The best thing about our program is that there is no demographic boundary. Our programs [are diverse]—we have yoga sessions, programs on adherence, art and music therapy, healing drum circles, insurance and public benefits sessions, sex and intimacy programs and sessions about faith, to name a few. We don’t advocate for any one treatment or push any agenda.

The people who come are gay, straight and of every ethnicity. There are those who are newly diagnosed and long-term survivors. There are also people who are HIV negative, because part of the support comes from people who may not be positive but are still part of your support system. Now, more and more, we’re seeing a lot of serodiscordant couples. We get 18-year-olds to 70-year-olds, men and women… it just runs the gamut. There is always somebody at the seminar that somebody else is going to be able connect with, and that’s what makes the weekends so powerful.

Do you have any plans to expand the program beyond Los Angeles?

This year actually marks our first time—we’re finally taking our program on the road, and in March, we’re going to Palm Springs! We’re collaborating with the Desert AIDS Project and AIDS Assistance Program, as well as a couple of our pharmaceutical supporters. We’re taking 24 volunteers on the road with us. I’m really excited. We need to teach more people how to create these workshops. Hopefully this will catch on and other organizations across the United States will be interested in learning the program and how to make it happen.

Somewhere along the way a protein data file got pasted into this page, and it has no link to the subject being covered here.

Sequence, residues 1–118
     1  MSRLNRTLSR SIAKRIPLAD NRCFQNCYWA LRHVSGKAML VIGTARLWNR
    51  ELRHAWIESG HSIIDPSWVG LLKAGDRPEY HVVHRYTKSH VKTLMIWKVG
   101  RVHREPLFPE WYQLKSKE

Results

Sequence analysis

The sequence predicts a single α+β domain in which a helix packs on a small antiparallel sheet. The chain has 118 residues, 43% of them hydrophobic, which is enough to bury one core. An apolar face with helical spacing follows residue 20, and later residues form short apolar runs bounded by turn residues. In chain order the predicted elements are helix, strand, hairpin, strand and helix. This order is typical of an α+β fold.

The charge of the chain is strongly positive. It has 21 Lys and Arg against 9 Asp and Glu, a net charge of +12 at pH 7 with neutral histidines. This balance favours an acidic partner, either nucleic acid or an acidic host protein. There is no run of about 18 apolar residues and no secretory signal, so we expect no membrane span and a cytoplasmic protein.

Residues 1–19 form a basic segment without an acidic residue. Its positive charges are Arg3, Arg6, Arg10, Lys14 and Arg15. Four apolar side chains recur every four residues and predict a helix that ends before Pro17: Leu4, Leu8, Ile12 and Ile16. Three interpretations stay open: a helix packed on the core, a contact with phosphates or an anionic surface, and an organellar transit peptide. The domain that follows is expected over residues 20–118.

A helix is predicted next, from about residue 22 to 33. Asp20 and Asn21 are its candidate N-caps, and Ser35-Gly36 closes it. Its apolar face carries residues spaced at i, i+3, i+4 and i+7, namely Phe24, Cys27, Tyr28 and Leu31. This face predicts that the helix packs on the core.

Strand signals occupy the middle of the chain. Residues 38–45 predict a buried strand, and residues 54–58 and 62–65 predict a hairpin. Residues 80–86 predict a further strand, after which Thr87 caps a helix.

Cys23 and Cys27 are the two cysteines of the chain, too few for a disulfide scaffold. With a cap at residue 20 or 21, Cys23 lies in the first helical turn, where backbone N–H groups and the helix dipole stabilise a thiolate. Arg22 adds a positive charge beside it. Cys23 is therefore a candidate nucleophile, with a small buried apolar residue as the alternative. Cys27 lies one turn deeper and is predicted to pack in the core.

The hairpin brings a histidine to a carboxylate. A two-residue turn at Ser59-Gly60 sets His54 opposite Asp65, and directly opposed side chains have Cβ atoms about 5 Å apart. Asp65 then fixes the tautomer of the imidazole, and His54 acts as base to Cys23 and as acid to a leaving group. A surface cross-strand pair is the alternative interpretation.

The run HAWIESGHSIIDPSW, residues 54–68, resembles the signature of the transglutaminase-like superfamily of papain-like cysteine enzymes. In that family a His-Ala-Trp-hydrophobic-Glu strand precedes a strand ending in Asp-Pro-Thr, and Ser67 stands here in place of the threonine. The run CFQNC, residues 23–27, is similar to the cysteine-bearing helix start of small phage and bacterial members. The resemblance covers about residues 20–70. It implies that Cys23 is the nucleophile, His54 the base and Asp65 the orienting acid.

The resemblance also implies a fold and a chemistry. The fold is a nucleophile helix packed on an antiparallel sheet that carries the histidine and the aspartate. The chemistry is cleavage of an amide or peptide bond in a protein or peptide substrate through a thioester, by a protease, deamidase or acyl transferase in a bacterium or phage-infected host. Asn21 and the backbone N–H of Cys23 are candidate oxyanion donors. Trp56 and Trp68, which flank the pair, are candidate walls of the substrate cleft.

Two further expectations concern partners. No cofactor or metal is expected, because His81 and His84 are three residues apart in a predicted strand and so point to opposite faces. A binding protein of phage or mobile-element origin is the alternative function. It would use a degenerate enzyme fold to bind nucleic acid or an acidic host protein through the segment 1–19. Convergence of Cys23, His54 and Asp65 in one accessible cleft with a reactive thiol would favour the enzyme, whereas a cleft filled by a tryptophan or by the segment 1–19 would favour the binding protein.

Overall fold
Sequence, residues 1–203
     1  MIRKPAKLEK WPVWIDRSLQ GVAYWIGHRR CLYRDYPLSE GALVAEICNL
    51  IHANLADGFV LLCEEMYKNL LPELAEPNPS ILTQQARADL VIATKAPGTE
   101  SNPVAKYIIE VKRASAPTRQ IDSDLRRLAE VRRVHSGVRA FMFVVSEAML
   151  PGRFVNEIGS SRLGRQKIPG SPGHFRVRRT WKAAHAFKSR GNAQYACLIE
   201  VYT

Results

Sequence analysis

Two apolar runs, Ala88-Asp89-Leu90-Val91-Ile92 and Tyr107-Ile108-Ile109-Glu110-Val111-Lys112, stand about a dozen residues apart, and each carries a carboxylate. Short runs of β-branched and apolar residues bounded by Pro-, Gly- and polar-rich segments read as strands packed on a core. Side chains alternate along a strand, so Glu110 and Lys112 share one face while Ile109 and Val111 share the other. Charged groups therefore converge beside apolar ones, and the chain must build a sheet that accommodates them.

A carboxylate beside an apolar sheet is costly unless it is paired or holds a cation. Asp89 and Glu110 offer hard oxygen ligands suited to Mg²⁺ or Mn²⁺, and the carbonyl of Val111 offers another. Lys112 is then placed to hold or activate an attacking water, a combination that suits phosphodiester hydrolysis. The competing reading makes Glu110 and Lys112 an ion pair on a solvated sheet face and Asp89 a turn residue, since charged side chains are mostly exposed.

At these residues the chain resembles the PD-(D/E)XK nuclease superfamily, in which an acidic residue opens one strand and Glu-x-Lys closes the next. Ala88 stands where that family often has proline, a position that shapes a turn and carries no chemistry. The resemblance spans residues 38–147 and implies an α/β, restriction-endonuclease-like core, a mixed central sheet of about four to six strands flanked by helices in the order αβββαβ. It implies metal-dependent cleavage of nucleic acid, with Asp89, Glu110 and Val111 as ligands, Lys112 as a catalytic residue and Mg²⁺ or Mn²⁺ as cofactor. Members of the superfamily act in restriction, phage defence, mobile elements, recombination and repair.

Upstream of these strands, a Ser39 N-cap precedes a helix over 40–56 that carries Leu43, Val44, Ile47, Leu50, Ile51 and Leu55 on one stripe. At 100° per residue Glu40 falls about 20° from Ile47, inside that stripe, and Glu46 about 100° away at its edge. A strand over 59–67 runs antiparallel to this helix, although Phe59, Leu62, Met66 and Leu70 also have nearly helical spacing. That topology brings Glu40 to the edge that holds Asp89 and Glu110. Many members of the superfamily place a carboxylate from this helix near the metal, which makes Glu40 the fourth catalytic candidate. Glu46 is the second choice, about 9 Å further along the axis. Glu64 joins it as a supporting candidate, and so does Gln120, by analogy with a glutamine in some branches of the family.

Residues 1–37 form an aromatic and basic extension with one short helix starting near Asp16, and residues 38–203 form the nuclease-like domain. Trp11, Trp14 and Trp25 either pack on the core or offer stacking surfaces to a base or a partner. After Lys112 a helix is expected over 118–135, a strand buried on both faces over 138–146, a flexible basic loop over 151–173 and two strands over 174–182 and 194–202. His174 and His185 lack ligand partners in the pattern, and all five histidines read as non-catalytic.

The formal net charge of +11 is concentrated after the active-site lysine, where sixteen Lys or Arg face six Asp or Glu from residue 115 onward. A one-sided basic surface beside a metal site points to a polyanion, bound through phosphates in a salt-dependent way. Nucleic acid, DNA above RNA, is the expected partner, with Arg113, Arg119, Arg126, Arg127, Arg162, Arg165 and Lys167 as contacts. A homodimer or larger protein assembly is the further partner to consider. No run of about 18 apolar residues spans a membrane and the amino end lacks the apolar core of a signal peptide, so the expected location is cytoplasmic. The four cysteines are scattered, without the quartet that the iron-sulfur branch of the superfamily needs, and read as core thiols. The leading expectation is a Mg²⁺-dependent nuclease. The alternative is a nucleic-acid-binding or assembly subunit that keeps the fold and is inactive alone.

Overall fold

The programs are offered free of charge. How do you cover the costs?

The city of LA has given us a couple of grants for the workshops in the city. Otherwise, we’re not government-funded. We host the program wherever we can get a free venue with room to seat at least 60 or 70 people and five smaller rooms for the breakout support groups. Most of our funds come from two fund-raisers we do through the year: our Angels in LA Awards ceremony, and an event we call Saddle up LA, which is the first-ever AIDS benefit horseback trail ride. We’re also supported by pharmaceutical companies who bring in important presentations on topics such as adherence, or understanding your labs. They also help us by sponsoring the lunches.

Describe your typical day. Is working with Life Group LA your full-time job?

[Laughs] It’s like two full-time jobs. Seven days a week, 14 hours a day. I’m obsessed with making this organization’s foundation solid. I live on a ranch with horses, so my typical day is that I get up at 6, feed the horses, feed the dogs, come back in the house and sit in front of my computer in yesterday’s makeup, sweatpants and a sweatshirt… and I collaborate and create. I look for sponsors and partnerships, I create workshops and I just try to make a difference.

What keeps you motivated?

The expression of love and gratitude that I feel from every single client and volunteer. [I’m motivated] when somebody comes in with a face full of fear, not looking up or making eye contact, and [after the weekend], they’re completely and utterly transformed, laughing, networking and making eye contact. I get chills every time I think about it.

* Not affiliated with POZ magazine or POZ.com